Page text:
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New, Cardiac Rehab Exchange
DeadManWalking56 posted:
Not much information on exercise for heart disease patients that I have found on WebMD, so I created an Exchange specifically for that cardiac rehabilitation.

I had to stop my previous exercise back in:

October 2002 for an infected mitral valve to heal, then rehab.
April 2004 for a broken wrist, and could not exercise with it, then rehab
March 2005 for a strained mitral valve, then rehab
January 2006 for an emergency triple bypass, and rehab. I also had a dozen inoperable 80% blockages.
August 2006 for two stents and a minor heart attack
August 2009, Viral Meningitis, only a 1 week break, but slowed down a bunch.

I am 57, row, play badminton and basketball, do my own yard work, and also use a treadmill and some light work with weights.

Recovery is possible. Even very light exercise helps you heal.

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Byroney_WebMD_Staff responded:
Dear DMW,

Thank you for sharing your experiences and your determination. It's always inspiring to read your posts and recognize that we must not just advocate for ourselves, but take charge of our recoveries, too.

dtms1 responded:
I book marked you Deadman. Can't hurt to keep up with cardiac rehab. Smart to do all the right things before someone tells you that you have to--or else. I am assuming you will also be discussing diet. Thanks.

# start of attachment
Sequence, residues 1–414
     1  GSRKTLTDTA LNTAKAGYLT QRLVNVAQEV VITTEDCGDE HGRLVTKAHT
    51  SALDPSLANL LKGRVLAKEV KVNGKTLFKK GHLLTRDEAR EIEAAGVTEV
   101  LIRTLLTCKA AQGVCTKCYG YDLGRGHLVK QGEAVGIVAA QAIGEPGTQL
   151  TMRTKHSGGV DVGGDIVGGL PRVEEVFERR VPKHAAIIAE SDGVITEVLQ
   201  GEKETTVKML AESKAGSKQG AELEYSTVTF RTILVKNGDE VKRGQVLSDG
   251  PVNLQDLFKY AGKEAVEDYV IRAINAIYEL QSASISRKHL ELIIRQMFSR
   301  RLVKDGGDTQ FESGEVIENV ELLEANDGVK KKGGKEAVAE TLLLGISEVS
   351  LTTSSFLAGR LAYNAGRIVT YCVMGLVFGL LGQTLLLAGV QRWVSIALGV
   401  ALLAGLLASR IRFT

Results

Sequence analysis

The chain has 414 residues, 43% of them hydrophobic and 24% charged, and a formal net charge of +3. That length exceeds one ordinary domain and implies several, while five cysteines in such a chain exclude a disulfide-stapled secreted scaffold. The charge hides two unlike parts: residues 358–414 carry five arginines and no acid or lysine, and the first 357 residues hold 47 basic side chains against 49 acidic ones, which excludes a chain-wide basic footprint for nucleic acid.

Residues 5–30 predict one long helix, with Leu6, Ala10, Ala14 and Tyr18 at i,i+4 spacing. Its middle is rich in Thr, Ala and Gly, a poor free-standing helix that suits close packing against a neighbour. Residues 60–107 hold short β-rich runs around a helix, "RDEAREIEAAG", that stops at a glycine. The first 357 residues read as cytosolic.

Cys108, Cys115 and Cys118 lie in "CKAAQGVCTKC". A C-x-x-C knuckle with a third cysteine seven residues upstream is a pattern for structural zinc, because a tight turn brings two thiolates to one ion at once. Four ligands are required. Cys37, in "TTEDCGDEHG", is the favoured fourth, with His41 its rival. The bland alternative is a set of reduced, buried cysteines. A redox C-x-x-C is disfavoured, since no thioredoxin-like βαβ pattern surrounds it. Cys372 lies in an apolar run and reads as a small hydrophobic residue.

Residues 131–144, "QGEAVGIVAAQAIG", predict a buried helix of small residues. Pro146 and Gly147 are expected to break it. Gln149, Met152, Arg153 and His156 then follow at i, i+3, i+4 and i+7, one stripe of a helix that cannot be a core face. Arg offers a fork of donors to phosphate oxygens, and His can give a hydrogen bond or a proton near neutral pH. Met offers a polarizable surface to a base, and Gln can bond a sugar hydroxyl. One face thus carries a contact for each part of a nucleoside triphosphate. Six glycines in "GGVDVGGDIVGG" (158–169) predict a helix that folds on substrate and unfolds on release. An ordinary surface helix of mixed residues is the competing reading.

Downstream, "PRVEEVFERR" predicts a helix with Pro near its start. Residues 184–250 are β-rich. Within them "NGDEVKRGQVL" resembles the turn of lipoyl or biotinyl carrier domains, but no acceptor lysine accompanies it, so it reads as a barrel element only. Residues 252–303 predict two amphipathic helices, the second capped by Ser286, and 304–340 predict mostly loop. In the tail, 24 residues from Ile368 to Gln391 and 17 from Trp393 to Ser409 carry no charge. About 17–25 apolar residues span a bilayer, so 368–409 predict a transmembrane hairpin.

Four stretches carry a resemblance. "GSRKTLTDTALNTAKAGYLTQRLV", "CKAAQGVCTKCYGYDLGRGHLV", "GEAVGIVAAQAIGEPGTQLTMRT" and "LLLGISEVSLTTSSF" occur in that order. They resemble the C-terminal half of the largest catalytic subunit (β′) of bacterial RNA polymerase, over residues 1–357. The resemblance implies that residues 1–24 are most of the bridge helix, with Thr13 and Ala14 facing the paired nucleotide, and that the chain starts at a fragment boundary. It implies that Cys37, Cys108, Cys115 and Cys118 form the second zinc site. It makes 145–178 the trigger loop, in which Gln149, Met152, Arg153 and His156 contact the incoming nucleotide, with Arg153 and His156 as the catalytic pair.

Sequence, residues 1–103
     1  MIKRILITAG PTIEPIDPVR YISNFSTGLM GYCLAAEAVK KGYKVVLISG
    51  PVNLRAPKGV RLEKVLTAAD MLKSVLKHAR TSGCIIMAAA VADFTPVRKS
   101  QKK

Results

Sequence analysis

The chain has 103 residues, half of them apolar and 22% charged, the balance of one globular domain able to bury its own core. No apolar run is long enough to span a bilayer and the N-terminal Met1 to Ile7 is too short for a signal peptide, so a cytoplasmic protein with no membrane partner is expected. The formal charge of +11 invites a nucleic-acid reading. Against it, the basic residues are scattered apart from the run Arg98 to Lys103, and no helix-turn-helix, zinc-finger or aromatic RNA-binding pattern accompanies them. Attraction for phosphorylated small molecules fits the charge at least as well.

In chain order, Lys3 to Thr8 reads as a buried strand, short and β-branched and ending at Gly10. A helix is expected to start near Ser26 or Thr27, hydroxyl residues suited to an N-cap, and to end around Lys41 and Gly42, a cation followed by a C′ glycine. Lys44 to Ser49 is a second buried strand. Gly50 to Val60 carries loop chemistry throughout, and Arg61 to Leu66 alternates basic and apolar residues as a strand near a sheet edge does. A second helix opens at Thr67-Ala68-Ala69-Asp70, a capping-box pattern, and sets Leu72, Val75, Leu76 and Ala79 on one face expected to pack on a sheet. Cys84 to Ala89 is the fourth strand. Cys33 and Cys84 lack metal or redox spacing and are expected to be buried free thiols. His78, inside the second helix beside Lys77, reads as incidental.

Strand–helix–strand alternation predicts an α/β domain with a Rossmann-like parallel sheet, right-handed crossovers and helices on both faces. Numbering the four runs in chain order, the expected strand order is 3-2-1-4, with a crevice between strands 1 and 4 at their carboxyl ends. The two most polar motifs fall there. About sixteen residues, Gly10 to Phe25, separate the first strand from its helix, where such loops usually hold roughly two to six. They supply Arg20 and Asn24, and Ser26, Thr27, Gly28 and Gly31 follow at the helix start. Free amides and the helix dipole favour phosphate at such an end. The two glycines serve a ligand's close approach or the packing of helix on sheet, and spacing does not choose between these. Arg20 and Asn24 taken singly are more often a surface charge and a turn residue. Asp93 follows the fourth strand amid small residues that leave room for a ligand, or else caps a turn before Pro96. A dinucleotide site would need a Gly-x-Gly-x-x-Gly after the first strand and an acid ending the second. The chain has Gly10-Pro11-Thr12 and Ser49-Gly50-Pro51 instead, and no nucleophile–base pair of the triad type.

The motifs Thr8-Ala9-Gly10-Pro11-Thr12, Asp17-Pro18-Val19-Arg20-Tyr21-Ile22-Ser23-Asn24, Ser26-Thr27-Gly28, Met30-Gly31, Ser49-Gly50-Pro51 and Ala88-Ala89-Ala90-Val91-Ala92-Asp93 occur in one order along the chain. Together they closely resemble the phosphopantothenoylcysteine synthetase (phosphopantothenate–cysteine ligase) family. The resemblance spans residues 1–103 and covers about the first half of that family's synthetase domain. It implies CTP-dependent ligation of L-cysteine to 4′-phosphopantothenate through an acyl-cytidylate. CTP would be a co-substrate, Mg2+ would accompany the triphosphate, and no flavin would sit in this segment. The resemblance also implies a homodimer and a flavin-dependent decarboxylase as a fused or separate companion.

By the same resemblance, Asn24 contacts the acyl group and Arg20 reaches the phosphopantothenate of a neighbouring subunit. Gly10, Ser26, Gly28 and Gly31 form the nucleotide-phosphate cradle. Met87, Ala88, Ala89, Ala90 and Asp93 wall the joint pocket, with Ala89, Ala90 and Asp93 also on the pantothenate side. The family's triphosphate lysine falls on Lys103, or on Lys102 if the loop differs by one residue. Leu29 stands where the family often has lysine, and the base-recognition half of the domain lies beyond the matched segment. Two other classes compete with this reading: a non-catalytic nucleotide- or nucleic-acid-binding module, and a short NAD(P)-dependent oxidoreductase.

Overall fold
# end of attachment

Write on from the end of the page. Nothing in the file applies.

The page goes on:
DeadManWalking56 replied to dtms1's response:
I had not been thinking of throwing in diet. I could. Again, I am a special case with all those additional blockages.

Many years ago canaries were kept in coal mines. Theywoudl sing while oxygen levels were good, but fal silent when the levels began to drop and it was becoming dangerous to work. Miners knew to get out while it was still safe, when the birds stopped singing.

Well, I am like a canary in the coal mines with diet and my heart disease. If I eat something with more than a tiny amount of fat, I get significant strong angina requiring multiple doses of nitro spray in from 4 to 24 hours. Typically for me, angina is rare, very minor, and passes away in a couple seconds.

Most people can eat more fat than I can, and do not get that reaction. So I am on very low fat, and I really don't breach it.

I suppose I can mention what I do, since my diet habits have aided my rehabiltation. Engineer Guy's Fuhrman Heart Health diet exchange is well led.
DeadManWalking56 replied to dtms1's response:

Don't be shy, throw me a discussion or question over there.

DeadManWalking56 replied to Byroney_WebMD_Staff's response:
I did not think of determination.

I was just not ready to be tired and weak. I knew it was either stay tired and get more frail, or see what I could do little by little, day by day.

Sometimes it is tough to keep it up. Worse people try to convince me to slow down, missing a day won't matter. But it does matter, and I can't just go every other day. I've backed off and done that, and I get more tired more easily in just a week of reduced or a few skipped workouts. My heart is trying to shut me down. So I try to exert control, and improve.